W. J. B. Owen’s review of Levinson’s book, Owen takes Levinson to task for her four connections that she raises concerning the date in the title, in particular her weak connection to Bastille Day:
In such a context, however, 'almost to the day' is not precise enough; and even if it were, the relevance is unclear. Common opinion, indeed, finds another nonrepresentation in the poem by connecting Wordsworth's reaction to the scene on the Wye in 1793 (probably in August, certainly later than 13 July) with his feelings about France; but, though the importance of the anniversaries is twice stressed by Dr Levinson, it does not emerge in subsequent discussion [. . .] And although Dr Levinson believes, because it suits her argument, Wordsworth's dating of the poem in the title (his other statements confuse the point), she appears not to believe the title when it gives the scene as 'a few miles above Tintern Abbey’, since she is intent on reading the poem as a non-statement about the Abbey and its immediate environs. (125)
Thomas McFarland also comments on the connections that Levinson establishes from the poem’s date “[I]t is impressive that the date is the fifth anniversary of Marat’s murder, but then what do we make of the fact that it was Robespierre’s, not Marat’s, death that sent Wordsworth into paroxysms of joy and thankfulness?” (4). He also goes on to chide Levinson about her “near miss” noting that “it would have been vastly, even exponentially, more intriguing had that Bastille moment actually been 13 July, and not, forever and eternally, 14 July” (4). McFarland goes on to question, “[T]o what extent does a near miss qualify for parapractic use? And is nine years as good as ten?” (4). McFarland’s questions echo Owen’s concern about the possibility that Levinson is forcing a reading based on a pre-determined conclusion.
How heated was the New Historicism’s entrance into Romantic studies? The title of Helen Vendler’s response to Levinson and Barrell, “‘Tintern Abbey’: Two Assaults” should provide another example as to the prickly reception. Vendler finds Levinson’s charge that Wordsworth evaded history completely erroneous and lacking in recognition of “by what means lyric both participates in history and is effective within history” (178). In response to Levinson’s claim that “the primary poetic action is suppression of the social” (37) and that “[t]he audience consists of one person, the poet's ‘second self,’ and even she is admitted into the process a third of the way through, a decidedly feeble gesture toward externality” (38), Vendler remarks, “[s]ometimes one wonders whether one has read the same poem as Levinson” (175) and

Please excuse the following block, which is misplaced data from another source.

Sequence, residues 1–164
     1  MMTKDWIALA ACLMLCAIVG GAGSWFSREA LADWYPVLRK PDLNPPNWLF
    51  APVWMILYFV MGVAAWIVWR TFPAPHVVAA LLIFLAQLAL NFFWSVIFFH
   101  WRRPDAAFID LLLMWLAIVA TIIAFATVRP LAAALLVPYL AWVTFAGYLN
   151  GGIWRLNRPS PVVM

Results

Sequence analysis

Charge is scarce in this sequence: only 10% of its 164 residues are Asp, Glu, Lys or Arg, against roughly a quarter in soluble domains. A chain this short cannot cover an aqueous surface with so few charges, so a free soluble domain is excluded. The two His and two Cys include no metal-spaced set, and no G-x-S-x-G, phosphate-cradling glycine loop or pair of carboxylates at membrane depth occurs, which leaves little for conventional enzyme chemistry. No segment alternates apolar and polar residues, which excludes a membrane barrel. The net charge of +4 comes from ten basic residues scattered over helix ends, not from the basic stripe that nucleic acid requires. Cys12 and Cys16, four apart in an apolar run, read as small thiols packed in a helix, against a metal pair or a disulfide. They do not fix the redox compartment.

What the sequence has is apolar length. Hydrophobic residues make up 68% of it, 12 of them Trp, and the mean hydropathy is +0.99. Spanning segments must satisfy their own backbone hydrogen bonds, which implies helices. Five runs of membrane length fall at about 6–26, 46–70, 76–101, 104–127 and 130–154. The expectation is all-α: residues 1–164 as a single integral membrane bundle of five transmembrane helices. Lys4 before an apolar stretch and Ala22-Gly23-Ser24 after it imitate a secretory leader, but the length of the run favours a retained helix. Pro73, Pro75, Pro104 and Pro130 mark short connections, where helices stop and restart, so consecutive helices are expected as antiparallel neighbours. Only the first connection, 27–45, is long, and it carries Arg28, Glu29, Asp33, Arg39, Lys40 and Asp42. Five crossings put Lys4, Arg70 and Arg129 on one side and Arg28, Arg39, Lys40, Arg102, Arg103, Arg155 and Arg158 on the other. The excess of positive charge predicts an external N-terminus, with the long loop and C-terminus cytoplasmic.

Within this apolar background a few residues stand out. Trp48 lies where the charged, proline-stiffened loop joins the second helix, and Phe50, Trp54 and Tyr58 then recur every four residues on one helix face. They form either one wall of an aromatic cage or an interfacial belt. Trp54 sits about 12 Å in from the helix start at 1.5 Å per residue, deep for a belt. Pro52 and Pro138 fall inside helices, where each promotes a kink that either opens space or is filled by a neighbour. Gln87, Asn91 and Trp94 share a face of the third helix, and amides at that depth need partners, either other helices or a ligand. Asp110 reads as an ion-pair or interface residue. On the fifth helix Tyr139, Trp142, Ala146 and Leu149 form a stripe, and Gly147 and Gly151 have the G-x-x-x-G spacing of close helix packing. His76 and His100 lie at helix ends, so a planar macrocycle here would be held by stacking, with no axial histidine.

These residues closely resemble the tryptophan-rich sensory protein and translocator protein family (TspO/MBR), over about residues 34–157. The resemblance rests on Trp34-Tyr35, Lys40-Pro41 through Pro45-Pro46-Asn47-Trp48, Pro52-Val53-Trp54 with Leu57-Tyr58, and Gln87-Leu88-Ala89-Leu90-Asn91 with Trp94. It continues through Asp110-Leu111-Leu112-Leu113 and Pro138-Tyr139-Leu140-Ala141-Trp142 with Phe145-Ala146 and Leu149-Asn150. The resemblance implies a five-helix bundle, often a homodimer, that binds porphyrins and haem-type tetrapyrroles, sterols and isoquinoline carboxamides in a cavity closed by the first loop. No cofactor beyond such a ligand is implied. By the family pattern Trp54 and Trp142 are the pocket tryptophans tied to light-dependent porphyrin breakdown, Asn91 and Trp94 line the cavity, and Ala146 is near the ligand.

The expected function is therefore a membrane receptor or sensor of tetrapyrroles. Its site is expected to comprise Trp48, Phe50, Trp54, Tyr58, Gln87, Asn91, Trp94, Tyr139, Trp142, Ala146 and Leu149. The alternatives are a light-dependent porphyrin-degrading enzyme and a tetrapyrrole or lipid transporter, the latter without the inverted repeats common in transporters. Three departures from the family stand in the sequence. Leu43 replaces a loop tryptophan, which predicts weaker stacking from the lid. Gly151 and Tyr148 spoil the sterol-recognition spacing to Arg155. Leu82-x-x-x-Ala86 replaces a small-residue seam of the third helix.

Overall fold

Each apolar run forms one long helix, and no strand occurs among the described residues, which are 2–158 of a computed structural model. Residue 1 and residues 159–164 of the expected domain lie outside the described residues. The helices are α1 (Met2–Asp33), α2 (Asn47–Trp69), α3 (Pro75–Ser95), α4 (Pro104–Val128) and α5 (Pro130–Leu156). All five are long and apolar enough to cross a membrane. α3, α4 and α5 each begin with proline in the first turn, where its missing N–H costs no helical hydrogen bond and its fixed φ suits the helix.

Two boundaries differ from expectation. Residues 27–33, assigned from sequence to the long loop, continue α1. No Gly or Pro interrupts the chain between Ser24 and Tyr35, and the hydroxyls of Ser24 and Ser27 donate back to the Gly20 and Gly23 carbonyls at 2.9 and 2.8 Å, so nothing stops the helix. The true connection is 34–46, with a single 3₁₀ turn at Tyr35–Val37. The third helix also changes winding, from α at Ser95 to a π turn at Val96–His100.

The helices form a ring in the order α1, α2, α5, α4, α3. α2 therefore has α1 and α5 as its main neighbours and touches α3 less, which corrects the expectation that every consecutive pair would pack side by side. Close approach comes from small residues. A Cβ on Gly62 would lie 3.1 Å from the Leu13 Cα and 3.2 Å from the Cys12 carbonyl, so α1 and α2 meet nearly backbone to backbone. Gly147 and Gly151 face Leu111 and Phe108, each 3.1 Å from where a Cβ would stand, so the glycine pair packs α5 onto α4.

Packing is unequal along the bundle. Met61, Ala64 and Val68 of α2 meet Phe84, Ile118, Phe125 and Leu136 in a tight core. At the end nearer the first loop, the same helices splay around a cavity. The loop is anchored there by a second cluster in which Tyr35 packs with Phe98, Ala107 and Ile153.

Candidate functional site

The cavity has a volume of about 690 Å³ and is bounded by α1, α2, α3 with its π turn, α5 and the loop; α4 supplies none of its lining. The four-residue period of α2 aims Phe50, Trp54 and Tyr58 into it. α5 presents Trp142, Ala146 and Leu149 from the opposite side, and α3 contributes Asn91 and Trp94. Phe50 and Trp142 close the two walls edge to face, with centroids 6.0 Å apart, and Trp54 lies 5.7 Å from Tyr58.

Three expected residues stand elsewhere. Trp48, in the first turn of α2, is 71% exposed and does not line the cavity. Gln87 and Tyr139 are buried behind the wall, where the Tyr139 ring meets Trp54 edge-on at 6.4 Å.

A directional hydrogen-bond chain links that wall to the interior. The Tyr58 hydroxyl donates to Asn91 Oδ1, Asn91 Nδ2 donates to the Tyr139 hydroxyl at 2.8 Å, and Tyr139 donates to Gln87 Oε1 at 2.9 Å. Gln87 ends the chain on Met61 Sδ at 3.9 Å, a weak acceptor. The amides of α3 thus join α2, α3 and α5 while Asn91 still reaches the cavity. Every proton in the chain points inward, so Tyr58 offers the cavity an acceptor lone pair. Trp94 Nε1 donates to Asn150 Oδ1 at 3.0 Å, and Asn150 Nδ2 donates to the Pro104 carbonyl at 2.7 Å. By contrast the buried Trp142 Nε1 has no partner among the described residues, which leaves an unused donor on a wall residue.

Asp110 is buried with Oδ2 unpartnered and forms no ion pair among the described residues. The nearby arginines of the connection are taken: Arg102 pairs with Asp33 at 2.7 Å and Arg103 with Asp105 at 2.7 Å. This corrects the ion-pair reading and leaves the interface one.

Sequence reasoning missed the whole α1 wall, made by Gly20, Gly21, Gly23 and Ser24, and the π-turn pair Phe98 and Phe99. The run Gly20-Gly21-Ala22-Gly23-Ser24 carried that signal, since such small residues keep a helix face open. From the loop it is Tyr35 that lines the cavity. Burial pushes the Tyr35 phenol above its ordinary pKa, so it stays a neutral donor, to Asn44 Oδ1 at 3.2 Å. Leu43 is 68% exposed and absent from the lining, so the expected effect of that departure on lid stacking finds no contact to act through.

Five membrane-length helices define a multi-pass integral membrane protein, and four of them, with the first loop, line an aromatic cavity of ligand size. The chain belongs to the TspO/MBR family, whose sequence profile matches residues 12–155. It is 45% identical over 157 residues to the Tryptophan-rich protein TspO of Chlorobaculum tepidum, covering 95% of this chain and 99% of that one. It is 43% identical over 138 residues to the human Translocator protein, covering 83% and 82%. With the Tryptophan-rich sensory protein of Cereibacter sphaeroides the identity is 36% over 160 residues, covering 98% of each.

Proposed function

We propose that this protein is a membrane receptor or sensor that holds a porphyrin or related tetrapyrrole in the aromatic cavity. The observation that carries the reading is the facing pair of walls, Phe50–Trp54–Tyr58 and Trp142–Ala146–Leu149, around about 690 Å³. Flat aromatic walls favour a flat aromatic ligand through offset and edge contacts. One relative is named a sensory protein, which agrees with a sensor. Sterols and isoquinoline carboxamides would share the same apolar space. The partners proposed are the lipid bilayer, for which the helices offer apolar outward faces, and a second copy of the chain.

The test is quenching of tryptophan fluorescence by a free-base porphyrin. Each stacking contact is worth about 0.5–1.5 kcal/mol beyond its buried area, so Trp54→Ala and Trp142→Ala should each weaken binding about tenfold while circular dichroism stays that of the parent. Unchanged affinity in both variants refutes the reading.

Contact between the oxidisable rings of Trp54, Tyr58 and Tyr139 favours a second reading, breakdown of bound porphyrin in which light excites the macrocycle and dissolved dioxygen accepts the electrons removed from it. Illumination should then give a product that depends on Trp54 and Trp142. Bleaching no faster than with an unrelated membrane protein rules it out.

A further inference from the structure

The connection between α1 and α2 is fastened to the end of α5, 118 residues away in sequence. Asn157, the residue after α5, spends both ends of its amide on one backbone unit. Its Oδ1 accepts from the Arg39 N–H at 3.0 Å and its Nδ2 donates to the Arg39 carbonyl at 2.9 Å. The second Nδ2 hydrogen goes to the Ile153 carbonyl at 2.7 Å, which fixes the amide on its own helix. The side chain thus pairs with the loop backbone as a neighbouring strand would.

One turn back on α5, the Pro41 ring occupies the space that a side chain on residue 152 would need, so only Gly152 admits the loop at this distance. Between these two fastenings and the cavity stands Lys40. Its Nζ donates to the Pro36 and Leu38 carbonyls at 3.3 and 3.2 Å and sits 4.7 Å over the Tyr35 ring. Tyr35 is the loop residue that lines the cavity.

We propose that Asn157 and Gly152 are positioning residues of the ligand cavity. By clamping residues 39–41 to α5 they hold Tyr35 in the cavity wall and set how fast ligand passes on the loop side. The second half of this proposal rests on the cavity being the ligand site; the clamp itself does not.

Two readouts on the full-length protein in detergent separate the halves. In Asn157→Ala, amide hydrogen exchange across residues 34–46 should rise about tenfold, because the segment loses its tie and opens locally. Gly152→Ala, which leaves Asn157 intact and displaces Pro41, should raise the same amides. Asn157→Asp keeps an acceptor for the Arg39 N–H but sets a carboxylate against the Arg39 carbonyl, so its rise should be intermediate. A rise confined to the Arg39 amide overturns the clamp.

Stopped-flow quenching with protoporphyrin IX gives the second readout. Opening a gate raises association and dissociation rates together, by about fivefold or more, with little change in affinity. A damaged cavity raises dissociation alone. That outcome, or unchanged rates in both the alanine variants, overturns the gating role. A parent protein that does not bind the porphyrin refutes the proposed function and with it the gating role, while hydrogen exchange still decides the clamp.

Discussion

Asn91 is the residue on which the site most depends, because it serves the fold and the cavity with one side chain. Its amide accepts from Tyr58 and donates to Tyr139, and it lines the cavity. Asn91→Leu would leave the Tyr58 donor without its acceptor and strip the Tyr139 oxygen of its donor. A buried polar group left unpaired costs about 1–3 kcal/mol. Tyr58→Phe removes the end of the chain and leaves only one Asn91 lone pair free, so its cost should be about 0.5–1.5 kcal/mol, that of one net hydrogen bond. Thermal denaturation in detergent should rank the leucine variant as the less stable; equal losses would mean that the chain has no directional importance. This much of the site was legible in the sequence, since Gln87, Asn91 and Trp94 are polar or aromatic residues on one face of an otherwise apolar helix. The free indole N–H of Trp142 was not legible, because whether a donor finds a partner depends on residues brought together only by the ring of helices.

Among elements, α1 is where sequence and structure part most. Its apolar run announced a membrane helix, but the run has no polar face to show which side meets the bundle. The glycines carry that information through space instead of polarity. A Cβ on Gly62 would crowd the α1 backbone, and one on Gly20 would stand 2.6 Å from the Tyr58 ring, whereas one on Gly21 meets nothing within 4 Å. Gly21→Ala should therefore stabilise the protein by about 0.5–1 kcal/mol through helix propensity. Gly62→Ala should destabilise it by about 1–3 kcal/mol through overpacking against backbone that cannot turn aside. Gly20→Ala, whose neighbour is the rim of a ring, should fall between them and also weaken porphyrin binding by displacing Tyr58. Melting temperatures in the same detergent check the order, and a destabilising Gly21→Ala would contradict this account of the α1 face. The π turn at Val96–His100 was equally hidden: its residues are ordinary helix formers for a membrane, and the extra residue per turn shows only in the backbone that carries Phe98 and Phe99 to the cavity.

[w]hether the sister's appearance is meant as ‘a gesture toward externality’ at all, and, if so, whether it is a "decidedly feeble" gesture of that sort, are surely matters to be argued rather than assumed. (176)
To counter Levinson’s charge that the “collective” is repressed, Vendler reminds readers that “[l]yric, unlike the social genres, does not incorporate interaction with a ‘collective’; it privileges the mind in its solitary and private moments” (179). Vendler’s frustration with Levinson’s argument and tone leads her to suggest that a New Historicist like her “has never found anything to like in the poem” (178).
Vendler turns her attention to John Barrell’s “equally mistaken, and only apparently more sophisticated” (180) New Historical take on a deconstructive and feminist reading of “Tintern Abbey.” Barrell argues that there are two registers of languages at work in the poem: the primitive or literal “language of the sense” (152) and the abstract or “meditative and contemplative language” (154). For Barrell, there is a dependent relationship between these two registers:
the language of the sense, as presently employed by Dorothy, stands as a present and audible guarantee of the meanings in his [Wordsworth’s] own language of the intellect; it assures him of the secure foundation of his language in the language of the sense. (162)